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CONCORD, NH – An insightful new report on barriers to Medicaid access in New Hampshire shows how even people who are eligible for Medicaid face challenges enrolling in and maintaining coverage due to bureaucratic barriers and lack of knowledge on eligibility. 


On Tuesday, February 1st, grassroots organization Rights & Democracy hosted a virtual press conference for the release of the report. The event featured the organization’s healthcare leaders speaking about the report, community members sharing their personal experiences facing Medicaid barriers, and New Hampshire leaders discussing current efforts to expand and strengthen access to this vital program in the Granite State. 

According to Heather Stockwell, Healthcare Justice Organizer with Rights & Democracy, “This event represents a culmination of our work over the past year in identifying barriers people experience in accessing Medicaid in New Hampshire. We hope that the findings of this report will help strengthen and guide the work to expand Medicaid access in our state.” 

Medicaid is a life-saving federal program that is administered at the state level and supports over 200,000 New Hampshire residents. However, the new report, “Sick of Waiting: Barriers to Medicaid Keep Healthcare Out of Reach,” provides powerful insight into how the program is actively failing eligible Granite Staters, with nearly 60% of Medicaid-eligible survey respondents reporting that they experienced challenges enrolling in the program.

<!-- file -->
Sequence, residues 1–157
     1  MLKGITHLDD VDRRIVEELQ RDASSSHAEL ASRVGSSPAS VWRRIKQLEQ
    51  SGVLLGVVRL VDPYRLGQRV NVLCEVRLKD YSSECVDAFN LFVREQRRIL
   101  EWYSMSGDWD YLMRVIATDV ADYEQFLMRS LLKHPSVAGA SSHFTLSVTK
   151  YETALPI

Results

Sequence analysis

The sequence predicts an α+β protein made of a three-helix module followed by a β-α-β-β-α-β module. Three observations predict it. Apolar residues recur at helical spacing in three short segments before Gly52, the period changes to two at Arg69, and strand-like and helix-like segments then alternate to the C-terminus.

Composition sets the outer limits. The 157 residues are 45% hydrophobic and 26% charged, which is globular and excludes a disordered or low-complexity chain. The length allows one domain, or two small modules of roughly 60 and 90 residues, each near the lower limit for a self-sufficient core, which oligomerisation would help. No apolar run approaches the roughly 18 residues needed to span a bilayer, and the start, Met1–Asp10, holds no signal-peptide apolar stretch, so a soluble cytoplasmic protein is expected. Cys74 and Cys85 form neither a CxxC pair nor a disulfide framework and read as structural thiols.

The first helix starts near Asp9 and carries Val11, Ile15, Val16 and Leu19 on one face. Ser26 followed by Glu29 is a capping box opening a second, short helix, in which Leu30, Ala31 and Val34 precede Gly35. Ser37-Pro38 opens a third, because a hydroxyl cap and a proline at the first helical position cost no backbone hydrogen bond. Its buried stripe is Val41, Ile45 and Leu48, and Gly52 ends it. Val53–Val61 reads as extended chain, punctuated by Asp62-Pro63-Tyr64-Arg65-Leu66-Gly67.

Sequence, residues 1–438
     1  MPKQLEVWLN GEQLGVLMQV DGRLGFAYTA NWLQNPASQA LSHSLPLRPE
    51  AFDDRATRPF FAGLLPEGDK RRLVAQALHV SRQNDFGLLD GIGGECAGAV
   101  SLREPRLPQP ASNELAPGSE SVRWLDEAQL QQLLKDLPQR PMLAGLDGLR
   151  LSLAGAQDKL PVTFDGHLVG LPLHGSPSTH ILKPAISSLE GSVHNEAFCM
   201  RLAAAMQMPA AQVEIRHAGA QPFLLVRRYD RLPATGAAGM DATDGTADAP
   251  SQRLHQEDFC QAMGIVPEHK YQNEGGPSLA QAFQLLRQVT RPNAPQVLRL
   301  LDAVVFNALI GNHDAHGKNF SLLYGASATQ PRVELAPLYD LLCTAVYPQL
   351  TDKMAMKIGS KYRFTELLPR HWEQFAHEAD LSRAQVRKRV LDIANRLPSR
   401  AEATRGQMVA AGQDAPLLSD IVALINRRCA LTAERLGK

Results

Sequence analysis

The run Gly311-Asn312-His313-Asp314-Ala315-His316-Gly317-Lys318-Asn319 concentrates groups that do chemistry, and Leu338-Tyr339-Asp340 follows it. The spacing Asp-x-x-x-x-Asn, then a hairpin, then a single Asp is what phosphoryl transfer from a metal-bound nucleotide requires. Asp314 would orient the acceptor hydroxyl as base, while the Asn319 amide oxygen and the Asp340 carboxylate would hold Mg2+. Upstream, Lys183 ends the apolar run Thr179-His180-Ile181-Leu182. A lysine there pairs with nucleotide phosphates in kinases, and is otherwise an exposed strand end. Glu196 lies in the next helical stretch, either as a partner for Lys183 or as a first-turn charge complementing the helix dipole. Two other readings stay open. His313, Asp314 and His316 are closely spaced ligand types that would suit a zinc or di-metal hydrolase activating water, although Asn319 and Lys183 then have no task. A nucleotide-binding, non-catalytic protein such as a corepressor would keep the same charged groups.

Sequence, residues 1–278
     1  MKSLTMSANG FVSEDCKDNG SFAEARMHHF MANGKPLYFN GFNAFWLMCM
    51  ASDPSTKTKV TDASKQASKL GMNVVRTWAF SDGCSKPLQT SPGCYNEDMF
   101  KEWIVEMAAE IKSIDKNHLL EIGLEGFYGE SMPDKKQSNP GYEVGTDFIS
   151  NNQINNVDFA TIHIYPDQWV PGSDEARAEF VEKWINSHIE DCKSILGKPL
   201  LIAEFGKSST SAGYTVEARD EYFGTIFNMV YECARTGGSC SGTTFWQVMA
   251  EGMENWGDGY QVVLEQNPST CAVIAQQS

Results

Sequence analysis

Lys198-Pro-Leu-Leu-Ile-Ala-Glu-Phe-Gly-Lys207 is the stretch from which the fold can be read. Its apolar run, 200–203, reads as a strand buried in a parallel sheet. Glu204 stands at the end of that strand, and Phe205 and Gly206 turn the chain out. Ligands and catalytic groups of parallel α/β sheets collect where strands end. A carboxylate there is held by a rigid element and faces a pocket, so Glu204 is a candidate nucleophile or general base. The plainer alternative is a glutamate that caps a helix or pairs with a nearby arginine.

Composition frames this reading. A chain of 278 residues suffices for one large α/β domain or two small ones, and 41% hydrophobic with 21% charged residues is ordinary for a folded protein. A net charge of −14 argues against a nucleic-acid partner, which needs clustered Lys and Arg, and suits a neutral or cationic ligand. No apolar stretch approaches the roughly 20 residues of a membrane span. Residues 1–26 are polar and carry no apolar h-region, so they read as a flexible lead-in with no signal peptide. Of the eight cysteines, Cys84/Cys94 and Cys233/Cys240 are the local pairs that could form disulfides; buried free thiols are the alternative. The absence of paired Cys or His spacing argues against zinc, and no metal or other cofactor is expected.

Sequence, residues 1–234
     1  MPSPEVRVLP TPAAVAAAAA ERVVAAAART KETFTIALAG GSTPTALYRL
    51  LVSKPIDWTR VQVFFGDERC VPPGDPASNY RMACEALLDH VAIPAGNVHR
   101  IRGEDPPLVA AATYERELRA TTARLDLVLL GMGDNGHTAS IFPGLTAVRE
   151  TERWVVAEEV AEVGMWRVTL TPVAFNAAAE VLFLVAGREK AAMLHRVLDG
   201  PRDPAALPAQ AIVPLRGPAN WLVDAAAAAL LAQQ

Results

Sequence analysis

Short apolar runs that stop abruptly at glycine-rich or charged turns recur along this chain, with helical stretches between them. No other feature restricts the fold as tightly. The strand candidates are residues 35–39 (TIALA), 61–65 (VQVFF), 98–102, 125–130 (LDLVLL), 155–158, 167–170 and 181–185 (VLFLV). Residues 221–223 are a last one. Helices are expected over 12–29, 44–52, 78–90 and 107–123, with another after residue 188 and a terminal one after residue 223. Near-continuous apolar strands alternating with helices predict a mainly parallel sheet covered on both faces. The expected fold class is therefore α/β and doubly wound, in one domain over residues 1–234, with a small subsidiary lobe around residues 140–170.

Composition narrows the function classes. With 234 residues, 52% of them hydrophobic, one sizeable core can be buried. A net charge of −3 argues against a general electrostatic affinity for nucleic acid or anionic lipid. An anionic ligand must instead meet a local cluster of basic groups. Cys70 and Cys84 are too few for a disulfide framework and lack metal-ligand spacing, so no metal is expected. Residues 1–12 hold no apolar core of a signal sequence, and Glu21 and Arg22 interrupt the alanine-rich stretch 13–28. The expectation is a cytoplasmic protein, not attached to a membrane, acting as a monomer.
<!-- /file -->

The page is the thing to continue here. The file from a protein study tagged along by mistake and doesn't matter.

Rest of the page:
Manchester resident Marcella Termini described her own experience with Medicaid, as the mother of twins diagnosed with Autism Spectrum Disorder, which began with a lengthy and cumbersome initial application process. “The process is not over once you’re approved, however,” she stated. “Every year you must reapply either with the online system or via paperwork. One mistake can mean your child loses coverage or that you will be subjected to an audit or, perhaps worse- spending six hours on the phone with reps who bounce you from one person to the next trying to solve the problem.”